Agents feared Mexican drug cartel attack on border dam

Falcon Lake Dam

An alleged plot by a Mexican drug cartel to blow up a dam along the Texas border — and unleash billions of gallons of water into a region with millions of civilians — sent American police, federal agents and disaster officials secretly scrambling last month to thwart such an attack, authorities confirmed Wednesday.

Whether or not the cartel, which is known to have stolen bulk quantities of gunpowder and dynamite, could have taken down the 5-mile-long Falcon Dam may never be known since the attack never came to pass.

It may have been derailed by a stepped-up presence by the Mexican military, which was acting in part on intelligence from the U.S. government, sources said.

The warning, which swung officials into action, was based on what the federal government contends were “serious and reliable sources” and prompted the Department of Homeland Security to sound the alarm to first responders along the South Texas-Mexico border.

Mexico’s Zeta cartel was planning to destroy the dam not to terrorize civilians, but to get back at its rival and former ally, the Gulf cartel, which controls smuggling routes from the reservoir to the Gulf of Mexico, said Zapata County Sheriff Sigifredo Gonzalez, head of the Southwest Border Sheriff’s Coalition, as did others familiar with the alleged plot.

But in the process, massive amounts of agricultural land would stand to be flooded as well as significant parts of a region where about 4 million people live along both sides of the U.S.-Mexico border.

The dam along the lower Rio Grande was finished in 1954 as part of a joint U.S.-Mexico project to collect water for flood control, hydroelectric power and water for drinking and agriculture.

Gonzalez’s agency was among many that responded, as did the U.S. Border Patrol, the Texas Department of Public Safety and even game wardens, who put more boats on the water.

Citing security concerns, neither Homeland Security nor DPS commented.

“We trust that DPS and their federal and local law enforcement partners are constantly collecting intelligence and monitoring all threats to Texas and taking the appropriate action to protect our citizens from those who would do us harm,” said Gov. Rick Perry’s deputy press secretary Katherine Cesinger.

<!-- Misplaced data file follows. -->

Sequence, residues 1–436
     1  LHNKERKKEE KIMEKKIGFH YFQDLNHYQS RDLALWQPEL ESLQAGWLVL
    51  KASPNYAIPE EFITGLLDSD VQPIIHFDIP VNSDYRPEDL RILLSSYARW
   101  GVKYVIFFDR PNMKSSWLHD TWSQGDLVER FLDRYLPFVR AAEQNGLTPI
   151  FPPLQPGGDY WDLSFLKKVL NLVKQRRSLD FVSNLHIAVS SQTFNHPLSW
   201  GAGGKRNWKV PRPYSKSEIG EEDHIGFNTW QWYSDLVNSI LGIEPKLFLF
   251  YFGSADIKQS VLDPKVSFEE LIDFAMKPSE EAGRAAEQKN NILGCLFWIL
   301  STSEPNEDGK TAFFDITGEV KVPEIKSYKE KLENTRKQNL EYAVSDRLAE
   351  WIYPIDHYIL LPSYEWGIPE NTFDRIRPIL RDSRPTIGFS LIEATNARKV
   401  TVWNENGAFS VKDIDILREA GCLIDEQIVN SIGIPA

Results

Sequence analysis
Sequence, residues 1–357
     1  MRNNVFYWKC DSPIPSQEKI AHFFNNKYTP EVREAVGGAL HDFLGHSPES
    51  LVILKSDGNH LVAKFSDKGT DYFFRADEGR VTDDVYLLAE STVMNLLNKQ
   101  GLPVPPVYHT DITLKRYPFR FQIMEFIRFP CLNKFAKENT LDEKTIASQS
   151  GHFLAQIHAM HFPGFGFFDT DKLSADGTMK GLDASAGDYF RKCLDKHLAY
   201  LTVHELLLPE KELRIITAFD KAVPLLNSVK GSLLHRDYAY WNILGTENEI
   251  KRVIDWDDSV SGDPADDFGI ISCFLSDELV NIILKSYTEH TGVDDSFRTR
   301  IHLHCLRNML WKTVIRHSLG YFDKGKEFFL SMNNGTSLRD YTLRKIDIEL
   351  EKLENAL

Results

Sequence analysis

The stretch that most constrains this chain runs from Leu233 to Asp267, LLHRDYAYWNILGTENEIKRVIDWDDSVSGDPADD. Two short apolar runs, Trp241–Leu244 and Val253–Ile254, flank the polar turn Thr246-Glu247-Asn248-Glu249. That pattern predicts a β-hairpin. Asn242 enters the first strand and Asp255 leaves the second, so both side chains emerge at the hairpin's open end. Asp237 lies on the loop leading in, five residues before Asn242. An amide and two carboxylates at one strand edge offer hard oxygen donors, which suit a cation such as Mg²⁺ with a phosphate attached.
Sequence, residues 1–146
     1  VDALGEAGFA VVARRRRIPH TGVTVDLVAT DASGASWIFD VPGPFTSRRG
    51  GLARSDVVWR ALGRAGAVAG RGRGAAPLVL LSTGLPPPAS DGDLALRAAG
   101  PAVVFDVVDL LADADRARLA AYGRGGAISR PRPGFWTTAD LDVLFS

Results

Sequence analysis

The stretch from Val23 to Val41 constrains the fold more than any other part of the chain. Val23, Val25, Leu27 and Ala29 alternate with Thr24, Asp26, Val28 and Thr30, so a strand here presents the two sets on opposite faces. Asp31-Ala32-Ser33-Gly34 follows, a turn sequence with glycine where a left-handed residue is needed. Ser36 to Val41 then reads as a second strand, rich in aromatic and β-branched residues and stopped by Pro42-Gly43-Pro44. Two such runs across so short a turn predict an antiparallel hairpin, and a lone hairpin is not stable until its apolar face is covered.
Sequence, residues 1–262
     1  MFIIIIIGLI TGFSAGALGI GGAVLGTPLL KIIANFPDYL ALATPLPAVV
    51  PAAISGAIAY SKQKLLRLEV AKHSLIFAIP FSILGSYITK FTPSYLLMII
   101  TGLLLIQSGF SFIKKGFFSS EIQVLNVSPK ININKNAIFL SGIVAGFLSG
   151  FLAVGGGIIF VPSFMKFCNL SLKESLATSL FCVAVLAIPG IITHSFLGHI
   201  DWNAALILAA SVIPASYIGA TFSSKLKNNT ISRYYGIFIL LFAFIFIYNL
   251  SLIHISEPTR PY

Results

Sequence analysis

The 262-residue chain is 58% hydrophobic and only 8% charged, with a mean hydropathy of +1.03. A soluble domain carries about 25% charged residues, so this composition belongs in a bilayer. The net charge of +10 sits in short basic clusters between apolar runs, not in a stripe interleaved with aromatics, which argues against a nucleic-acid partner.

Varying credibility

Law enforcement officials huddled at the dam, near Rio Grande City, to discuss the threat and how to stifle it, said an officer who attended the meeting.

Officers interviewed by the Chronicle gave the warning varying degrees of credibility. They noted that among the Zetas ranks are Mexican military defectors who were trained in special forces tactics, including demolition.

Special cameras were set up along the dam, which has six 50-foot-tall steel gates, and lawmen hid in brush.

A Mexican military spokesman, who spoke on the condition of anonymity, said he had not heard of any threat to the Falcon Dam and expressed doubt that the Zetas would try such an attack.

“This isn’t the way these groups operate, they have never attacked installations like that,” he said.

Rick Pauza, a spokesman for Customs and Border Protection, in Laredo, said the port of entry at the dam had been at a heightened alert due to violence in Mexico.

Residents warned?

The attack may have been thwarted in Mexico. It raises the fear of what the powerful cartels could do.

“It would have been a hell of a disaster,” said Gene Falcon, director of emergency preparedness for Starr County, site of the dam. “There was plenty of concern.”

With handbills and bullhorns, members of the Zeta cartel are said to have warned the civilian population on the Mexican side of the river near the dam to get out of the area, according to residents and intelligence information from law enforcement officials.

A border law enforcement official told the Chronicle the warnings originated in part by the seizure of small amounts of dynamite near the dam, and the discovery of a copy of the alert on the Mexican side of the border.

Capt. Francisco Garcia, of the Roma (Texas) Police Department, said there was no way to know what the traffickers were capable of doing, but bringing down the dam would require nearly a tractor-trailer full of dynamite.

“As far as blowing it up — making it fall apart completely — it would have to be something like 9/11,” he said. “By the time they’d start to do something, there will be so much law enforcement there it’d be ridiculous.”

http://www.chron.com/disp/story.mpl/metropolitan/7033818.html

Small-town mayor stoned to death in western Mexico: Drug Cartel’s Blamed for Murder of 5th City Leader

By GUSTAVO RUIZ
Associated Press Writer

MORELIA, Mexico (AP) – A small-town mayor and an aide were found stoned to death Monday in a drug-plagued western state, the fifth city leader to be slain in Mexico since mid-August.

Michoacan state Attorney General Jesus Montejano said the bodies of Tancitaro Mayor Gustavo Sanchez and city adviser Rafael Equihua were discovered in a pickup truck abandoned on a dirt road near the city of Uruapan.

Montejano’s spokesman, Jonathan Arredondo, said initially that the victims were hacked to death with a machete, but the attorney general said they were killed with stones.

Arredondo said police were trying to determine a possible motive.

Tancitaro, a town of 26,000 people, is in a region where soldiers have destroyed more than 20 meth labs in the last year and several police officers have been killed by suspected drug gang members.

Last year the city council chief, Gonzalo Paz, was kidnapped, tortured and killed. Then in December, the mayor and seven other town officials resigned saying they had been threatened by drug traffickers and local police were not showing up to work.